The defendant filed a motion for severance which alleged that the offenses charged in the State's initial information were separate and distinct "as each one involve[d] a different alleged theft of differing amounts o[n] different dates which happen[ed] to involve the same [d]efendant and the same alleged victim." He further alleged that the State had impermissibly joined the offenses *223 in an attempt to elevate misdemeanor offenses to felony offenses. The defendant also filed a motion for a bill of particulars requesting that the State provide him with the date, place, and time of the alleged occurrences. The State's answer listed 54 dates between March 19, 1981, and September 27, 1983, on which the alleged occurrences took place.
The trial court heard arguments on the defendant's motion for severance. Defense counsel initially argued that the State should not be allowed to arbitrarily lump the various transactions into "two transactions, one $800 and one $300." He later argued that the defendant should be tried separately on each of the transactions listed in the answer to the bill of particulars. The assistant State's Attorney explained that the four counts in the information were simply alternate methods of charging the same underlying factual circumstances; the State had not arbitrarily lumped the 54 acts into two felony offenses. She also maintained that the State could properly charge the defendant with one offense pursuant to section 111-4(c) of the Code of Criminal Procedure of 1963 (Ill. Rev. Stat. 1981, ch. 38, par. 111-4(c)).
The trial court held that if the State wanted to charge the defendant with a single offense it would have to allege that the acts were in furtherance of a single intention and design. Since the information did not allege that the acts were in furtherance of a single intention and design, the court ruled that the information failed to state an offense. The court treated the defendant's motion for severance as a motion to dismiss and dismissed the information. The State was given leave to file an amended information.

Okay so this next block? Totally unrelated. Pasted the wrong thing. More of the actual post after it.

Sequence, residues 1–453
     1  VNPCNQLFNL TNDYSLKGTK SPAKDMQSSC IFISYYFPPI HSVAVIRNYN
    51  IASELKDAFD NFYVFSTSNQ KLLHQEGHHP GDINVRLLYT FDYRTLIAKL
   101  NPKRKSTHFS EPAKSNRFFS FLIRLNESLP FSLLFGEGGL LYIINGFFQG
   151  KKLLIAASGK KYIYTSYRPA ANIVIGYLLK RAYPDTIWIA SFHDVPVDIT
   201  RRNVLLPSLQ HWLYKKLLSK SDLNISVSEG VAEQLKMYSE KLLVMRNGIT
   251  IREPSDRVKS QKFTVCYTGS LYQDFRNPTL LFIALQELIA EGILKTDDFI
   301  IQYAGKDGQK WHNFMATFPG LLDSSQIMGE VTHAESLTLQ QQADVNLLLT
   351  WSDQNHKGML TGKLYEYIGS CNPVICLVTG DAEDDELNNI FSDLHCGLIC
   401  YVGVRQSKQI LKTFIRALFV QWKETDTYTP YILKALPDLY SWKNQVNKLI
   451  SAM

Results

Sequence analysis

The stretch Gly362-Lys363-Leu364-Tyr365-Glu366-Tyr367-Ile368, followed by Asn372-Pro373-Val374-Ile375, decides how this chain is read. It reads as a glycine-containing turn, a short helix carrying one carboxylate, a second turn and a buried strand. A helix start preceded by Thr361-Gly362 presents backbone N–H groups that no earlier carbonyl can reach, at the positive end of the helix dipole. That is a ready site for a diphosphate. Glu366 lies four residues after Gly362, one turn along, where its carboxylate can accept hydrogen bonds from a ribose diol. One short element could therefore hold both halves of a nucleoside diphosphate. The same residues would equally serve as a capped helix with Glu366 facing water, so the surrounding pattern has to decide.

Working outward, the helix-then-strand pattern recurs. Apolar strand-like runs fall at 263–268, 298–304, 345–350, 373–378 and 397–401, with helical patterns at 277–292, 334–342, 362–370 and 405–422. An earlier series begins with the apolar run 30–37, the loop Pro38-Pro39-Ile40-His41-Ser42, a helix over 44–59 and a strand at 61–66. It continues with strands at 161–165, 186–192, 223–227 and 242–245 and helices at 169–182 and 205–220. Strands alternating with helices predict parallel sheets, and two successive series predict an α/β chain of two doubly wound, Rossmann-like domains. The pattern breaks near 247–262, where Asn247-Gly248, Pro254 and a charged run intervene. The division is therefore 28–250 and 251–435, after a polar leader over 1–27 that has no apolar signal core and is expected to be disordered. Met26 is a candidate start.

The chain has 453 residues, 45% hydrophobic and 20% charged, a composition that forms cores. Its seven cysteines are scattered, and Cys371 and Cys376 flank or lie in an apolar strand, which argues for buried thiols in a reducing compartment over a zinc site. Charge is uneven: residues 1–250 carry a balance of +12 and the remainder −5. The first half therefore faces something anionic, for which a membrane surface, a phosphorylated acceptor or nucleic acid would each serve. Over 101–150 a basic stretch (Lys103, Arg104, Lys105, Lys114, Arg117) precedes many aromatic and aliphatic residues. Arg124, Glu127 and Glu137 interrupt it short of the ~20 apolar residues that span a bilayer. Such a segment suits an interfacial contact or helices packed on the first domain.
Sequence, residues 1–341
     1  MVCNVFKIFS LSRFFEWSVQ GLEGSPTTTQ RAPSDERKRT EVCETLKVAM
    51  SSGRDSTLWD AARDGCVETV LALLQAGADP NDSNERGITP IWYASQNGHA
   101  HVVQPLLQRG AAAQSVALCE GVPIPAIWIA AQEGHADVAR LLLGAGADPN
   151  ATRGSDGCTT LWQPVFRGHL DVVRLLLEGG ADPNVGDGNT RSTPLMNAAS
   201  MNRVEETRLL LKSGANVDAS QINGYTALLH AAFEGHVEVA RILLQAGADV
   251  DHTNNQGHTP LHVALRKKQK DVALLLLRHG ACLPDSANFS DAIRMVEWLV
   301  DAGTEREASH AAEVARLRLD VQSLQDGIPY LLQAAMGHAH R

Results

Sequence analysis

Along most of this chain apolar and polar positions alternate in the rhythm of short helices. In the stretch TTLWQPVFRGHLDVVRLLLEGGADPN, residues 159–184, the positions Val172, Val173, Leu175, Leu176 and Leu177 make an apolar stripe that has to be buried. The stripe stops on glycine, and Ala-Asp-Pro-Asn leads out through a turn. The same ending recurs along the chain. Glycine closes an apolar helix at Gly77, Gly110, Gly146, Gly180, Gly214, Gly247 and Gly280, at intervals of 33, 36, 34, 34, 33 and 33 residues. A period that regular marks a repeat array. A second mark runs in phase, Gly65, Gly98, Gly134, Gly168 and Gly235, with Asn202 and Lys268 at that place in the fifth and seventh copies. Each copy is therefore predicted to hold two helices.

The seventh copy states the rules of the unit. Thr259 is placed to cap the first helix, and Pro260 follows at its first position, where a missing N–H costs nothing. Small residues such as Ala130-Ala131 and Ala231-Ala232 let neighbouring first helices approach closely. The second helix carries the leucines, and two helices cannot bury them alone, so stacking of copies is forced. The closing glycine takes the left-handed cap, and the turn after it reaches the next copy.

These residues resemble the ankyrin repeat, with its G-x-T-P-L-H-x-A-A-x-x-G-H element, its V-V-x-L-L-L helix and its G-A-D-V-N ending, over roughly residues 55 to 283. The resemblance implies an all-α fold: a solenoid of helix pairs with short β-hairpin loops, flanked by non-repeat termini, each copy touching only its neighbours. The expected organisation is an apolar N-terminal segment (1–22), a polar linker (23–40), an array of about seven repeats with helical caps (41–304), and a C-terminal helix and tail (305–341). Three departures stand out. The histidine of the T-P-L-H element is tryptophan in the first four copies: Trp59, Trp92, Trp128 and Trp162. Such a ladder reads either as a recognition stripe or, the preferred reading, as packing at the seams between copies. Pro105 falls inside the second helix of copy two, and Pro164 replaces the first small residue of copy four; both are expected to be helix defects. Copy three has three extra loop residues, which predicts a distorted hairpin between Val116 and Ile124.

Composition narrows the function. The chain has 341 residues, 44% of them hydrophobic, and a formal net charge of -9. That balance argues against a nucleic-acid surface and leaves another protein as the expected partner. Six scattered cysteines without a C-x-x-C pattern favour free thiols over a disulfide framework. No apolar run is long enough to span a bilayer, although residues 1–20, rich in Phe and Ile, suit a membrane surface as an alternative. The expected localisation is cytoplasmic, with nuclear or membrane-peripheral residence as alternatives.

The State filed an amended information which added to each of the four counts the allegation that the offense was committed in furtherance of a single design. The defendant filed a motion for severance. He also filed a *224 motion to dismiss which alleged that the amended information failed to state an offense. Defense counsel maintained that although section 111-4(c) may provide for the joinder of a series of acts, it does not permit the elevation of a number of misdemeanors into one or more felonies. The assistant State's Attorney argued that the defendant had been properly charged with the offense of theft in accordance with section 16-1 and that whether the defendant had in fact committed the 54 acts with a single intention and design would be a matter of proof at trial. Section 111-4(c) provides:"(c) Two or more acts or transactions in violation of any provision or provisions of Sections 16-1 [theft], 16-2 [theft of lost or mislaid property] and 16-3 [theft of labor or services or use of property] of the `Criminal Code of 1961' * * * may be charged as a single offense in a single count of the same indictment, information or complaint, if such acts or transactions by one or more defendants are in furtherance of a single intention and design and if the property, labor or services obtained are of the same person or are of several persons having a common interest in such property, labor or services. In such a charge, the period between the dates of the first and the final such acts or transactions may be alleged as the date of the offense * * *." Ill. Rev. Stat. 1981, ch. 38, par. 111-4(c).